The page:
Beautiful Creatures follows Ethan Wate around his small southern town. Tired of being in a place where nothing unexpected ever happens, he can’t wait to graduate and go to college far far away. Then Lena Duchannes moves to town and everything he thinks he knows is suddenly not so accurate anymore. Lena is a witch, but they prefer the term Caster. Apparently in her family, on your sixteenth birthday, you and your powers are Claimed for either the light or the dark and you get no say in the matter. We follow Ethan and Lena on their fight to either allow Lena to choose her side at her claiming or to make sure she goes Light.
I really wanted to give this book 5 stars. I really enjoyed it. It’s one of those books that sucks you in and you spend every spare second you get digging it out of your bag so you can read just a tinsy bit more. I can’t give it 5 stars though because of a few small problems. The biggest one being the cliffhanger. I know I haven’t been deducting for that lately, but considering this book is almost 600 pages, it had ample time to wrap the story up properly. I’m not entire sure it really counts as a cliffhanger, but it just didn’t feel like the story ended properly and that really irritates me. The other reason is my favorite character died. I won’t tell you who, but it upset me so much. I knew that there would probably be a casualty or two, but I wasn’t expecting this person to be one of them.
What did I like? I really liked Ethan. Southern gentleman all the way, but without the accent, I’m in heaven. I was pleasantly shocked when I started reading and realized that the novel is told entirely through his perspective. I was expecting to get Lena (which you do get a tinsy bit from her at the end) and I was wrong. Ethan’s perspective is entirely believable. He is the only male character I have ever read that really felt male despite the lack of suggestive thoughts and naughty language. Lena, well, I can’t make my mind up about her. One minute I’m sympathetic because of all the shit she is going through, but that doesn’t stop me from being enraged when she fucking pulls away from Ethan. Hello? There is a point where one of your relatives states that no caster could come between the two of you and that somehow he protects you, yet you still think it’s too dangerous? Come on, smarty pants, you can do better than that. Luckily, that bit doesn’t last long, but it still made me want to smack her.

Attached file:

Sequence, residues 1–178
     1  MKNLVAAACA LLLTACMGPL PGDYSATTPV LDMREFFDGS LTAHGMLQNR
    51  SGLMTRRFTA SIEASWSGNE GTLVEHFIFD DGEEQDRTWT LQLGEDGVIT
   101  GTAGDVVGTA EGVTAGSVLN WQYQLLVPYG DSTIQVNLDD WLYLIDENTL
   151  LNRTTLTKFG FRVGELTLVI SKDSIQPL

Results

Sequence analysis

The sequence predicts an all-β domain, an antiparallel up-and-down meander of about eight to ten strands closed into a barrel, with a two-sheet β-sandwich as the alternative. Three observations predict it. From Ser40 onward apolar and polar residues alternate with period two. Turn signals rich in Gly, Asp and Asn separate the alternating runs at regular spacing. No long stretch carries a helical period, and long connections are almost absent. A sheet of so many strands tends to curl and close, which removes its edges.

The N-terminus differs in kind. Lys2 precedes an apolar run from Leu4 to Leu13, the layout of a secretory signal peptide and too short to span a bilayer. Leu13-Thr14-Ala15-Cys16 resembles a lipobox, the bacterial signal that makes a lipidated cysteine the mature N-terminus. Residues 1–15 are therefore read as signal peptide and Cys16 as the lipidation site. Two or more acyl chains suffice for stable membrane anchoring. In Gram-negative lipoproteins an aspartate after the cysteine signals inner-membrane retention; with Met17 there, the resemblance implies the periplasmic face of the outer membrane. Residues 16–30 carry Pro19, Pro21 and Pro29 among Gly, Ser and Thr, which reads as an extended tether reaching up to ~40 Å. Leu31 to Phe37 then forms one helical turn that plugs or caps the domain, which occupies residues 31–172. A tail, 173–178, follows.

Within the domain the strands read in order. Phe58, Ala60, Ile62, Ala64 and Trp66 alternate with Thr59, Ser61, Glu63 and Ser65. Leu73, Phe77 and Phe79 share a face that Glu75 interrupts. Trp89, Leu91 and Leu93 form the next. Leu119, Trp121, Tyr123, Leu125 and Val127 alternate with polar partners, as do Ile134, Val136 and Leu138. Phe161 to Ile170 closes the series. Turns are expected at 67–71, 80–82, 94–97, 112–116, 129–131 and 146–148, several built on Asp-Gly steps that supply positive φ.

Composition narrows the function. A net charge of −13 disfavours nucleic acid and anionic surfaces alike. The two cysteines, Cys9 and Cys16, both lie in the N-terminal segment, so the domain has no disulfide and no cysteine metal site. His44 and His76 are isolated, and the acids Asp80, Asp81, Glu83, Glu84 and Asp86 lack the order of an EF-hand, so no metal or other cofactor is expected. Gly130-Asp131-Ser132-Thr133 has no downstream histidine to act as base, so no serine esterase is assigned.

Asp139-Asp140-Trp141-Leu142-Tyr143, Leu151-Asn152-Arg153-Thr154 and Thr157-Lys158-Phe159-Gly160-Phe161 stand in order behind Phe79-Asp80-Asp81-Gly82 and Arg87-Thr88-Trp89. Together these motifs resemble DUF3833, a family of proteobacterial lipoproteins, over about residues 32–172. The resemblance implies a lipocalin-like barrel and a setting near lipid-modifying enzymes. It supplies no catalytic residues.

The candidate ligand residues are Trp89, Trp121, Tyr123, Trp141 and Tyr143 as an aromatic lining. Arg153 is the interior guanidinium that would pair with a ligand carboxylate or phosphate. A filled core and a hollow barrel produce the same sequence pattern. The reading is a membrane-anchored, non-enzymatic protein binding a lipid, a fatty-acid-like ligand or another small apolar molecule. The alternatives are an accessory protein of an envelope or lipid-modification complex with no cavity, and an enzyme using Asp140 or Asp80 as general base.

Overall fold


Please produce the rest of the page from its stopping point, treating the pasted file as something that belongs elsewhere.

I loved almost all of the characters in this story, from Ethan to Link to Amma to Macon, even Ridley. They all make the story that much better for being there. And who can forget the infamous Boo Radley! No, not the character from How To Kill A Mockingbird, but a dog named after that character. I’m a sucker for a cute pooch and this mutt isn’t above that.
The writing is beautiful and the mystery of it all really drew me. It was a bit longer than I would have liked, but it was still amazing. I loved that unlike most witch novels, everything isn’t explained to us in the very beginning with a hard to process chunk of information, instead you get only the bits and pieces Lena is willing to allow Ethan to see. Which is not the entire truth by any means. Even after 560 pages, there is still a great deal about L and her world that we don’t understand.
After reading this, I’m even more excited for the movie. Though, as always, I’ve very apprehensive of what they will change and how I’ll take the changes. I can already see that some things they got right and some not. Jeremy Irons playing Macon is, I think, absolutely perfect. The same goes for Viola Davis playing Amma. The actor they chose for Ethan, well I’m not happy about it yet. All I can say definitively is that he isn’t what I pictured and he isn’t tall enough. I’m trying to hold out on final judgment until I see the film and his acting skill because who knows, he may amaze me. Same goes for Lena. She is closer to what I pictured, though with the wrong hair and eye color, I’m holding out hope that they will all exceed my expectations.